23 Things I’ve Learned in 23 Years

Route 66 - Photo by: Whitney Young
1) Comfort food is the best food.
Fancy restaurants usually aren’t worth the cash blown. Mac and cheese is the real crème de la crème.

2) Saying “I can’t” is a self-fulfilling prophecy. You usually say it about the things you’re not sure you can do, or things you don’t want to do. Then, you wake up one day with extremely limited options, because you’ve sabotaged your abilities. I can’t cook. I can’t sing. I can’t surf. I can’t move away from my family. I can’t get up that early. I can’t stay up that late. YES. Yes, you can.

3) Confidence is power. It’s been said before, but until you’ve felt the power firsthand, you don’t understand the meaning of the phrase. Doors open and seas part for confident people. At first, you may be faking it. But the more you practice, the more it becomes an ingrained part of your identity and behavior.

4) Nothing feels as good as achieving a goal on your own. Sure — it’s great to have help. We wouldn’t get by without it. But there’s nothing as truly and deeply satisfying as attaining success as a result of your own devices and hard work. Because it’s the blood, sweat, tears, long hours, long days, sleepless nights, soul crushing doubt, and subsequent conquest that makes the win so glorious.

5) Work a truly shitty job as a teenager. It humbles you, and makes you a better person. My first job was as a kitchen dishwasher at a nursing home when I was 15 years old. The shifts were only three hours long. But it was dirty, disgusting, and degrading. I had half-eaten puréed chicken and gravy splashed in my face on the daily.  And it absolutely 100% made me a better person.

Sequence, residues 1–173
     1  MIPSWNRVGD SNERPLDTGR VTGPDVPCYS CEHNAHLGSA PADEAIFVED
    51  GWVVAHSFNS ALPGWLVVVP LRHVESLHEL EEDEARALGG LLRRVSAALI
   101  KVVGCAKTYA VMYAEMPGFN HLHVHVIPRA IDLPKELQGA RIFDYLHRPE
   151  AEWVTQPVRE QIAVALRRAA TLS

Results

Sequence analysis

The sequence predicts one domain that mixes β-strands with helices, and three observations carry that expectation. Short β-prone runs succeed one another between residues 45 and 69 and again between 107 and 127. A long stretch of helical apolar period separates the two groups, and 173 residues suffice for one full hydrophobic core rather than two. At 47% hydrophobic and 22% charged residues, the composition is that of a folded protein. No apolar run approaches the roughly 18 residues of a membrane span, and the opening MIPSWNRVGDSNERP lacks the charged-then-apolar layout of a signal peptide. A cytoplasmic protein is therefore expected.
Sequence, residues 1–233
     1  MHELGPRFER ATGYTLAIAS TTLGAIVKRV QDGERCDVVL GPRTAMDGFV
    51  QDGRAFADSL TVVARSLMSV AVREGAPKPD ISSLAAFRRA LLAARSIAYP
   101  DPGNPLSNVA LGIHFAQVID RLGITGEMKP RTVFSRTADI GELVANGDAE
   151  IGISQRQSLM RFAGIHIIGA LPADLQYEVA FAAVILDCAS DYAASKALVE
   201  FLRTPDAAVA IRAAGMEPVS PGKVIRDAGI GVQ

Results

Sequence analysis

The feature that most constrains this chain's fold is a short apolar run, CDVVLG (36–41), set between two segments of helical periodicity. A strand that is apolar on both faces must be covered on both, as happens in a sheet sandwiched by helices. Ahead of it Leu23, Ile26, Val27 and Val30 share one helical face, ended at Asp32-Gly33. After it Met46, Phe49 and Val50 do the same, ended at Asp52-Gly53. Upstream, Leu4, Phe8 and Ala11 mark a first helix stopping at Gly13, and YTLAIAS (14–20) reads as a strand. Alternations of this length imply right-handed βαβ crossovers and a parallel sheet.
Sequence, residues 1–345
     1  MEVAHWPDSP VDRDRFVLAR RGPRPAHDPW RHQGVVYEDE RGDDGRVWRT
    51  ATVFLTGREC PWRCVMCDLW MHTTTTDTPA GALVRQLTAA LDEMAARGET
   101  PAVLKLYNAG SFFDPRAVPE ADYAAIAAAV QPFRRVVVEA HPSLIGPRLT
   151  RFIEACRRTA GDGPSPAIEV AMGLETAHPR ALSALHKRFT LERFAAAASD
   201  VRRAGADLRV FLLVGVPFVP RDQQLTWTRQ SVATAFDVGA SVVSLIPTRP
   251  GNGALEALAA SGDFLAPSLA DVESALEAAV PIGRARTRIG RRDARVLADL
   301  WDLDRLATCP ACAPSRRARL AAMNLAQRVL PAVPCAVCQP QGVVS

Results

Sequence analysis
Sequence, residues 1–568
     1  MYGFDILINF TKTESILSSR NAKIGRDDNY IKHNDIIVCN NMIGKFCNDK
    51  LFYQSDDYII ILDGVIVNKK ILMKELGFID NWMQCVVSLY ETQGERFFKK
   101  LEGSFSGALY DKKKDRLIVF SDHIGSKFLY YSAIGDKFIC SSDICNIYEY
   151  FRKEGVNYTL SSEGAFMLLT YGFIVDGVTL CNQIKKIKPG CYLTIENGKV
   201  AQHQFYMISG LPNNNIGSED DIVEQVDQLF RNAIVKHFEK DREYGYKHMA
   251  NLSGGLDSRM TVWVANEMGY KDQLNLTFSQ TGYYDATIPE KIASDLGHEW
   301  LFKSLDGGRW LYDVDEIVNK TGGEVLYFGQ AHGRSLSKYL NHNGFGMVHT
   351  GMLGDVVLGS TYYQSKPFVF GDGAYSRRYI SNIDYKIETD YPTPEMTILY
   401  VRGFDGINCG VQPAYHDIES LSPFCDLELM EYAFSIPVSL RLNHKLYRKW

6) FOMO is destructive. When I was in college in New York City, and a club promoter would text me saying, “TONIGHT IS GOING TO BE EPIC AT [club]! YOU DON’T WANT TO MISS OUT!”, I believed them. I believed that every single night out could result in some totally unpredictable awesomeness that I would miss out on if I didn’t go.  The older I get, and the more mediocre nights out I experience, the more I realize I’m really not missing anything. If you carry on throughout life in a constant state of FOMO, you’ll be miserable. And burnt out from all the unnecessary clubbing. So chill while you still have ample brain cellage. 

7) Always bring a pen. You never know when you might need one, and you don’t want to be the asshole that has to ask for one.

8) Wine is one of the most wonderful things in life. Relaxation effect aside, there’s something so tranquil about vino. It makes you stop, and live in the moment, which is something we so rarely do (thanks, social media).

9) High school means nothing. Don’t worry about who you are in high school. It does not foreshadow who or what you’ll be in life. Set goals for the future, and start working toward them now. The cool kids peak in high school — seriously. Just be nice to everyone and work hard. You will do great things. 

10) Diets are bullshit.
 Eat the food you love — just eat less of it. It’s taken me 23 years, and more food comas than I can count, to realize it’s not the food, it’s the quantity. Life’s too short to not eat ice cream and pizza.

11) Bad dates are necessary. They’re awkward, painful, and wrought with anguish and anxiety. They make you lose hope in love, romance, and the goodness of humanity. They’re frustrating, and sometimes, repulsive. But they are not a waste. Having had dinner with my fair share of disenchanting individuals, I know exactly what I don’t want in a significant other, and how to detect those traits almost immediately. Check, please!

12) Bad relationships are necessary. Again, it’s not all rainbows, glitter, and One Direction songs. Bad relationships, like bad dates, teach us what we don’t want. Process of elimination.